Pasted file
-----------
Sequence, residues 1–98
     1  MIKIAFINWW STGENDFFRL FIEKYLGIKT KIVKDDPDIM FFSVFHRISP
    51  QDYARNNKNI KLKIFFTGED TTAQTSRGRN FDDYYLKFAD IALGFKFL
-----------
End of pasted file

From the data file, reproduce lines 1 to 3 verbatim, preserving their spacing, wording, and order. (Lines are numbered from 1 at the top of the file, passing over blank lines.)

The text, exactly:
Sequence, residues 1–98
     1  MIKIAFINWW STGENDFFRL FIEKYLGIKT KIVKDDPDIM FFSVFHRISP
    51  QDYARNNKNI KLKIFFTGED TTAQTSRGRN FDDYYLKFAD IALGFKFL